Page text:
A short preview of Google Gadgets for Linux

About a year ago, Google released their desktop search called Google desktop for Linux. Since then they released some updates to Google Desktop adding support for 64 bit and more file fomats, but they left out one big feature of its Windows and Mac counterparts: Gadgets, mini-applications written in HTML and JavaScript.

Today Google released an open source version of the Gadgets runtime for Linux!

This is extremely cool, obviously, for two reasons: First, you don’t have  to use Google Desktop if you don’t want to, and I guess there are more people who use Beagle, Tracker or Strigi on Linux.

Second, well I already told you, it’s open source!

So my first reaction to this was to head to the official Google Gadgets for Linux site and download the tarball. I installed the dependencies and compiled it, following the HowTo in their wiki.

After the build and install finished I started Google Gadgets with the -s switch to open the sidebar. After adding some gadgets it looked like this:

Google Gadgets Sidebar As you can see, it is just a subtle, semi-transparent black bar sitting on your desktop. It uses “real transparancy” which means you should be running Compiz or some other compositing manager.

I don’t know how good the desktop integration is altogether, but the Gadgets correctly pick up the time from my system and even the network status. Sound also works using GStreamer. The signal-strength and name of my current wireless network is shown. The source for this is NetworkManager, which is used by default In Ubuntu and other well known Linux distros like Fedora and OpenSUSE, making this a smart choice.

I had to set up the weather gadget manually and it didn’t pick up my location form my weather applet in the Gnome panel.

Other gadgets I tried didn’t show up at all or looked very bad with stretched images and barely readable text, making it clear that this really is alpha quality software right now.

To add more Gadgets, there is a browser application that looks like this:

Google Gadgets Browser

You can add gadgets to the sidebar like shown above, but you can also keep them like normal applications on the desktop. To do this, just drag them out of the sidebar or run Google Gadgets without the sidebar at all.

Google Adsense Gadget On the right side you can see the Google Adsense Gadget I dragged to my desktop.
This shows the incredible wealth I have accumulated with this blog.

So what do I think about Google Gadgets?

Well right now the software quality is pre-beta as I already said, but I firmly believe this piece of software will be great for the Linux Desktop in the future.

Gadgets are not exactly a killer feature, but it’s a nice thing to have around to get information, that often changes, quickly. MacOS X has Widgets, Windows Vista has… whatever they call it, and now Linux has Google Gadgets. Yes I know, there are already other solutions for Linux like GDesklets or Screenlets, but everything I tried felt very rough around the edges and had little to no momentum behind it.

With Google Gadgets, we get the best of both worlds: A solution backed by a big company with many Gadgets already out there and something that is open source. Additionally, it’s the only product right now working on all three major platforms, which might turn out as the feature that makes this the de-facto standard. A sign that Google is serious about this is the fact that you can build this against GTK, like I did, but also against Qt, so there is integration for KDE aswell.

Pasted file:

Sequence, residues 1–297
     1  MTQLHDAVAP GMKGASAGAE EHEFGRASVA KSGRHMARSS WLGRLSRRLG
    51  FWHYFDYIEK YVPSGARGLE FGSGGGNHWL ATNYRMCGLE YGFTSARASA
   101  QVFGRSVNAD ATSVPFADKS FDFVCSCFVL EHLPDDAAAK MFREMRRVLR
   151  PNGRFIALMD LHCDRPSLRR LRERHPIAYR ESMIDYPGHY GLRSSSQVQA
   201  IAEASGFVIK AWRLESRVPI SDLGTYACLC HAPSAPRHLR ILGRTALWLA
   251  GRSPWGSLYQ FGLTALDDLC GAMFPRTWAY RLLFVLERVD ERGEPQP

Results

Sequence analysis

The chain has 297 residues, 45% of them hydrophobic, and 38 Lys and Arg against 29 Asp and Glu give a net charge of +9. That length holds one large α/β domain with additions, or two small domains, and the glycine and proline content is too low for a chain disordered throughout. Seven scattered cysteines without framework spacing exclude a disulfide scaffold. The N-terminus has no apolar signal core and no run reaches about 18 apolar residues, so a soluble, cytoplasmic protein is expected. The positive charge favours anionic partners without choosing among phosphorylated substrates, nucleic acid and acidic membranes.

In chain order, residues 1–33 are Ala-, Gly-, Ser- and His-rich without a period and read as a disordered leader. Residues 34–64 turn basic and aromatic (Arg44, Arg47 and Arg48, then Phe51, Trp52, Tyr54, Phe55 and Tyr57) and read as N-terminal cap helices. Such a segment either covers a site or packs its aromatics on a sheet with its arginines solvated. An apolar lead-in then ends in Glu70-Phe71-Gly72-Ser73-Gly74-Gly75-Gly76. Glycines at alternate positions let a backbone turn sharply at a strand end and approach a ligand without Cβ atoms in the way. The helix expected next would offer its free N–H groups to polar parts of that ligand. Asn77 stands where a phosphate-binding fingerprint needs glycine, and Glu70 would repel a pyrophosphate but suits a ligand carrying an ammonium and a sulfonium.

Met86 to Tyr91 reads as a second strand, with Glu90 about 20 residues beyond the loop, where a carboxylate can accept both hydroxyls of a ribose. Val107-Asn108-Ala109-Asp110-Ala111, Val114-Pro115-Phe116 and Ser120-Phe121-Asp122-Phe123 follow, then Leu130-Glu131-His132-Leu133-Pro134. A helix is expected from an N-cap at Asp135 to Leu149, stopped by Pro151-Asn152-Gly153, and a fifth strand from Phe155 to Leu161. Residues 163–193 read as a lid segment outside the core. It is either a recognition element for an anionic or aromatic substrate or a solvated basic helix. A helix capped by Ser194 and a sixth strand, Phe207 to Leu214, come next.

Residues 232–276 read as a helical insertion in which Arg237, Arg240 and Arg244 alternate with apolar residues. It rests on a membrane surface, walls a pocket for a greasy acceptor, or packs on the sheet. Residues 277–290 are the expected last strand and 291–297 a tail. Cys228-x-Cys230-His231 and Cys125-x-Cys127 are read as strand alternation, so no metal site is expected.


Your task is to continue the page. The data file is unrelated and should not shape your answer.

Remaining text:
I will closely follow the development of Google Gadgets and I will keep you updated on it. Right now, I’m looking for a .deb file because building this from isn’t exactly nice, so if anyone has a link I will gladly update this post and include it.


There is a package available at the PPA for the Google Gadget team

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  1. But the question about this is:
    How memory hungry are the gadgets? We run *nix because we want a nice lightweight OS that can do everything we need it to. If the gadgets just bog it down, then what would be the point. I’m sure the gadgets run and look great but what is the point of all of that if we could just do anything they do without them and using half the resources. I am going to go get them to put on my PCLinuxOS box as well as my Gentoo box to see how well they run. I guess only time will tell on if Google’s effort will be worth it.

  2. well, not too memory hungry… less than the windows version (cause there isn’t any search until you install that too)…

    you can get a fair amount of gadgets running for under 50 MB of RAM… also the performance is very good… of course it depends how the gadgets are coded, but all of them I use are good with the recourses

  3. Hi,
    Do you know how to add gadgets that do not appear in the browser? For example, I was looking for a sticky notes gadget but could not find one. On a Google site, I found something called MultiNote that would do the job, but how do I get Google Gadgets to read in the downloaded file (MultiNote.gg)?

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